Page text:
Connecting Action Network and Google Sheets with webhooks and n8n
Written by Socialism.tools Admin
Published January 17, 2022

Recently, I wanted to connect an Action Network form that collects emails to a Google Sheet. The sheet is designed for mobilizers to find users that signed the Action Network form and reach out to them for a high-touch onboarding to the DSA National Tech Committee. Action Network made it pretty easy to get started with webhooks, but n8n can be intimidating for those not familiar with data structures. While I’m no n8n expert, I can show what I did to get the data from Action Network to Google Sheets with minimal fuss.

Get n8n

I run n8n on Cloudron, a one-click way to install dozens of apps and not worry about patching, backups, or any other maintenance tasks. You can also support n8n’s fair code licensed product with an n8n.cloud subscription, and not worry about installation or some service accounts at all.

Authorize n8n

The first step is to set up credentials in n8n so it can talk to Action Network and Google. Action Network has instructions for creating a webhook here (you will need the right permissions) and n8n has instructions for creating a Google credential here (I recommend using a service account).

Create your webhook

Now over to Action Network. On the top of the screen, next to Start Organizing, click Details, then API & Sync. On the left, you should see the button to create a new webhook.

Now, back to n8n. Click the orange + icon to add a new object. Find the Webhook object (with the orange lightning bolt, indicating it will start the workflow) and select it.

Change the request type to POST. Copy the Test URL. Don’t touch anything else.

Switch back to your Action Network tab and paste in the Test URL. Don’t hit save yet — back to n8n. Let’s put the rest of our flow in.

Data Wrangling

Action Network, like many other sites, returns data in JSON format. We can’t simply export the JSON directly to Sheets — Sheets expects the data to look like, well, a spreadsheet. To make this data look how Google Sheets needs, we’ll use n8n’s Set block along with expressions. Expressions are a complex but incredibly powerful and critical part of n8n. Expressions allow you to programmatically define the value of a given field. For example, when filling in the Email field in the set block, you don’t want to just write something – we’re trying to automate. We need an expression to say “this field (email) has a value of (JSON location, user.email_addresses[0].address)”.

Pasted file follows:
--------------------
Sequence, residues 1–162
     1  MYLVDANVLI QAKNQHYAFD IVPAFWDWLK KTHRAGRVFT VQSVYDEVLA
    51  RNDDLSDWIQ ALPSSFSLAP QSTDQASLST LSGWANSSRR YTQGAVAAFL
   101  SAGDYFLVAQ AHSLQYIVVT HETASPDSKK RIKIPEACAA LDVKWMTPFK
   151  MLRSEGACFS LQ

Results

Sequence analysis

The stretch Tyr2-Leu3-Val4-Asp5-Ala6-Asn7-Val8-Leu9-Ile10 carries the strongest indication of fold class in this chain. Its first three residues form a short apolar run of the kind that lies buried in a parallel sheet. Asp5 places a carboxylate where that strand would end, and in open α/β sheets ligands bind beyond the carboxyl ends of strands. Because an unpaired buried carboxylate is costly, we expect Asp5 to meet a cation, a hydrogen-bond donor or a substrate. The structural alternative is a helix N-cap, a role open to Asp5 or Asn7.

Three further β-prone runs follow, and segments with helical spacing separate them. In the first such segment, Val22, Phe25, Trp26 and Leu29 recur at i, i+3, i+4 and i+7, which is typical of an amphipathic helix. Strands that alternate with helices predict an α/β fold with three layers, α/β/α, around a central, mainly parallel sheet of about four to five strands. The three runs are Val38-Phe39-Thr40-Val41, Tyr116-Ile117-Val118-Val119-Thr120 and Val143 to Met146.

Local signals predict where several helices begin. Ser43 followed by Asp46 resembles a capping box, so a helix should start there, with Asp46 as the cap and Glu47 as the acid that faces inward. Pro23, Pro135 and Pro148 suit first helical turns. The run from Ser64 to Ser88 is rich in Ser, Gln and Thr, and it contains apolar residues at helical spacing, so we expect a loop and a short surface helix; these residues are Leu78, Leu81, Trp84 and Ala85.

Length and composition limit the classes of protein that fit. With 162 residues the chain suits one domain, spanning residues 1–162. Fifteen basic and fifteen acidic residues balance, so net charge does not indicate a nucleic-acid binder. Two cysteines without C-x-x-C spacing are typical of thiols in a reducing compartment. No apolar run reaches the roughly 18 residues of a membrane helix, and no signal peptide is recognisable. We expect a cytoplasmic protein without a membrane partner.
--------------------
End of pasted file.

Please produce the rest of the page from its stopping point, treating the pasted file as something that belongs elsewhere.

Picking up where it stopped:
JSON crash course

Here’s a 90-second crash course in JSON. JSON is a format for defining data. It looks like this:

JSON on Mozilla’s “Working with JSON” page

To identify the powers of Molecule Man, we can tell n8n members[0].powers. You use dot notation to move “down” a level in the JSON. Powers are a subset of a Members object. One member can have more than one Power, and there can be more than one Member. To specify a specific entry in an array, we use brackets and start at 0. members[0] returns Molecule Man, members[1] returns Madame Uppercut, and so on.

This is important for our case because Action Network Activists can have more than one email address. Let’s return to n8n and use our JSON knowledge to transform our JSON blob from Action Network into an object Google Sheets likes.

Connecting the blocks

Connect your Webhook block to your Set block, then the Set block to the Sheets block. You should see a circle indicating the start of a data flow and a rectangle indicating where it ends. When you drag a block, the flows should move with it.

n8n in action with a minimalist setup

Let’s see what happens. Click Execute Workflow at the bottom of the screen. The spinner should start loading, and you should see a message indicating the webhook is waiting for test data. Head back to Action Network, select your form or action that you want to trigger a webhook for, and hit save. You should now see it on the left side of the screen under Webhooks. Click test, and keep an eye on the top-right of the screen. You should see a success message.